KYIV, Dec 5 – The G7 price cap on Russian seaborne oil went into effect on Monday
In an effort by the West to restrict Moscow’s ability to finance its conflict in Ukraine. Russia has stated that it will not comply with the measure, even if it means reducing production.
After European Union members overcame resistance from Poland, the G7 countries and Australia agreed on Friday to a $60 per barrel price cap on Russian seaborne crude oil. The cap was set at that level, according to Ukrainian President Volodymyr Zelensky, who claimed that this demonstrated weakness on the part of the international community. On the other hand, Russian Deputy Prime Minister Alexander Novak claimed.
According to Novak, the Russian government official in charge of its oil, gas, atomic energy, and coal, we are working on mechanisms to prohibit the use of a price cap instrument, regardless of the level set, because such interference could further destabilize the market.
Despite, the need to slightly reduce production, he added, “We will only sell oil and petroleum products to those countries that will work with us under market conditions”.
The G7 agreement permits the shipment of Russian oil to third-party nations only if the cargo is purchased at or below the price cap of $60 per barrel cap, using tankers from the G7 and EU, insurance companies, and financial institutions.
Industry participants and a U.S. official stated in October that Russia can access enough tankers to ship the majority of its oil beyond the cap, highlighting the limitations of the most ambitious plan yet to curb Russia’s wartime income.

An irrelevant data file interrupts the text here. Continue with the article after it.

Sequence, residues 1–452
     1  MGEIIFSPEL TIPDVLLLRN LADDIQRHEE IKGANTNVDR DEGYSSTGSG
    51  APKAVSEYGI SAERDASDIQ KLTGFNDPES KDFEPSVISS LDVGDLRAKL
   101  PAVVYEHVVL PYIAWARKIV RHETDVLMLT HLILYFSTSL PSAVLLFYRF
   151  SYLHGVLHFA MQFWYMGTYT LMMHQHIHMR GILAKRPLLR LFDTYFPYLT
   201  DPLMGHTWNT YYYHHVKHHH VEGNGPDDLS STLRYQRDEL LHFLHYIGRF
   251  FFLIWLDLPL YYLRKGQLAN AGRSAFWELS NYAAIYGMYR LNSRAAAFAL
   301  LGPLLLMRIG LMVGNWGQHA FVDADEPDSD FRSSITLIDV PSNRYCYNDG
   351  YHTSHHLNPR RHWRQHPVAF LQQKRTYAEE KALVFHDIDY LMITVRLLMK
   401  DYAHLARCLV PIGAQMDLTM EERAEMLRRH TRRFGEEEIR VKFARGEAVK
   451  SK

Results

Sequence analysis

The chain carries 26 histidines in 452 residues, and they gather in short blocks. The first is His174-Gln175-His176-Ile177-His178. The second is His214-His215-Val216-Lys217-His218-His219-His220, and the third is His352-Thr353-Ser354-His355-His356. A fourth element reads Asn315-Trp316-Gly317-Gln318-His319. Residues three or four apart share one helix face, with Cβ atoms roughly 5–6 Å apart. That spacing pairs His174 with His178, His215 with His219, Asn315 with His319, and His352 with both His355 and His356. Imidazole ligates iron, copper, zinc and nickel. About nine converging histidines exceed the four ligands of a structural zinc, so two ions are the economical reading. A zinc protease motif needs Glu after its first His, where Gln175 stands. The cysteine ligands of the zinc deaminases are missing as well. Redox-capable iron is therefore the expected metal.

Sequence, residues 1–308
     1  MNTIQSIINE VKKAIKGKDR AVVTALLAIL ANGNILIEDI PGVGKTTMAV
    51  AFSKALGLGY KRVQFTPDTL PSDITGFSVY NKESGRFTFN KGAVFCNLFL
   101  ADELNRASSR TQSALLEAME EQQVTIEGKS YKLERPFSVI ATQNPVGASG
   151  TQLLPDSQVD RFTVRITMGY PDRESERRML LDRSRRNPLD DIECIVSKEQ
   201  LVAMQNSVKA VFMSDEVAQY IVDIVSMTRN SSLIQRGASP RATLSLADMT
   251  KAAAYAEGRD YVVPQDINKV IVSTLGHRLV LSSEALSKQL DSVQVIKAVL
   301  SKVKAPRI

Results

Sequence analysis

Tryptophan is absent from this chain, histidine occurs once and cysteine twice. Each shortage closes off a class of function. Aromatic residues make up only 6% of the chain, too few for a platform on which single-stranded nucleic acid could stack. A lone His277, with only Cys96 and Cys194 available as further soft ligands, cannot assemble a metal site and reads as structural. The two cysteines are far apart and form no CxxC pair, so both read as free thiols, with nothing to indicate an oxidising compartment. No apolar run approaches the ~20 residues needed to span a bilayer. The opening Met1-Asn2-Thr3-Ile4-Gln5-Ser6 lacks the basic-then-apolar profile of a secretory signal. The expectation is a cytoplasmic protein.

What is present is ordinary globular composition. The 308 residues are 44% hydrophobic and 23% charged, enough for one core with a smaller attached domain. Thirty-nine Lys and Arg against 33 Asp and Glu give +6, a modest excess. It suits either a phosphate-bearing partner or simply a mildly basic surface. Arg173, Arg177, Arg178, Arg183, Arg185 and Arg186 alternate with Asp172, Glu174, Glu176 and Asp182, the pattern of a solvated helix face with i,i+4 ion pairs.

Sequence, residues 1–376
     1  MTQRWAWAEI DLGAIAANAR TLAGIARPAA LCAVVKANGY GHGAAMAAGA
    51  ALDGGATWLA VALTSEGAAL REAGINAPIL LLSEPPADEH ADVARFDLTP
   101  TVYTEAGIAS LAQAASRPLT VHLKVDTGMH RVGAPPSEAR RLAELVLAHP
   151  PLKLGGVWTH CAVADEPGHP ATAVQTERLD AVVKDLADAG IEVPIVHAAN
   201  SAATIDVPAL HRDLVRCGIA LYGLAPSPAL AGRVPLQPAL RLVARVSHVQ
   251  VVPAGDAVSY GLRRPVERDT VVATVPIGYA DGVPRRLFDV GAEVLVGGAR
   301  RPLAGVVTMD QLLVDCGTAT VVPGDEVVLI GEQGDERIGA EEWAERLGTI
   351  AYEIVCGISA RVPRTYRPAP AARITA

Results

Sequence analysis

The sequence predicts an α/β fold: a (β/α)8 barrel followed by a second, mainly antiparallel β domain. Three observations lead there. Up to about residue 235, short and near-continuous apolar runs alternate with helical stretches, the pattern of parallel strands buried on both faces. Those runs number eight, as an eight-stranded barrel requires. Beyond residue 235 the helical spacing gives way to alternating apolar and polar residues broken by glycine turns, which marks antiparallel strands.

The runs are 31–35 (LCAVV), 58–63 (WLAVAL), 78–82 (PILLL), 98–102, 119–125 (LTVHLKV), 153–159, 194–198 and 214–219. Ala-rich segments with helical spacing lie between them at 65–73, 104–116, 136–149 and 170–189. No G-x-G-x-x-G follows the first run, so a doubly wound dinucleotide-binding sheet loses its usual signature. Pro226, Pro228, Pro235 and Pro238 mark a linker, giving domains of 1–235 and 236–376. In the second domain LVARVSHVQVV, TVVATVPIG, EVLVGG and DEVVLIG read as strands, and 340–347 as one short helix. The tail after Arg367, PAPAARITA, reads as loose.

Zelensky asserts that the $60 price cap would have little effect in preventing Russia from waging war in Ukraine. You wouldn’t describe setting a limit on Russian prices that is comfortable for the budget of a terrorist state” as a serious decision.
Since Russia invaded Ukraine on February 24 and provided the Ukrainian government with billions of dollars in aid, the United States and its allies have imposed extensive sanctions on the country.
However, over the weekend, French President Emmanuel Macron came under fire from Ukraine and its allies in the Baltic States for suggesting that the West should take into account Russia’s need for security guarantees if it agrees to negotiations to end the war.
According to Zelenskiy’s assistant Mykhailo Podolyak, Russia should provide security guarantees to the world rather than the other way around. Zelensky urged citizens to be patient and resilient in resisting the rigors of winter in a video address on Sunday.
We need to be more resilient and united than ever, he said, to survive this winter. Blackouts will only occur during scheduled stabilization cutoffs to get the grid working again starting on Monday, according to Vitaliy Klitschko, the mayor of Kyiv, who added that the situation is still challenging.
Blackouts were anticipated for three additional regions in Ukraine’s south and east, including Odesa, Donetsk, and Dnipropetrovsk, according to DTEK, the country’s largest energy provider.
The regional governor reported that 85% of Kherson’s customers had access to electricity, despite the city being large without power since Russian forces left the southern city last month.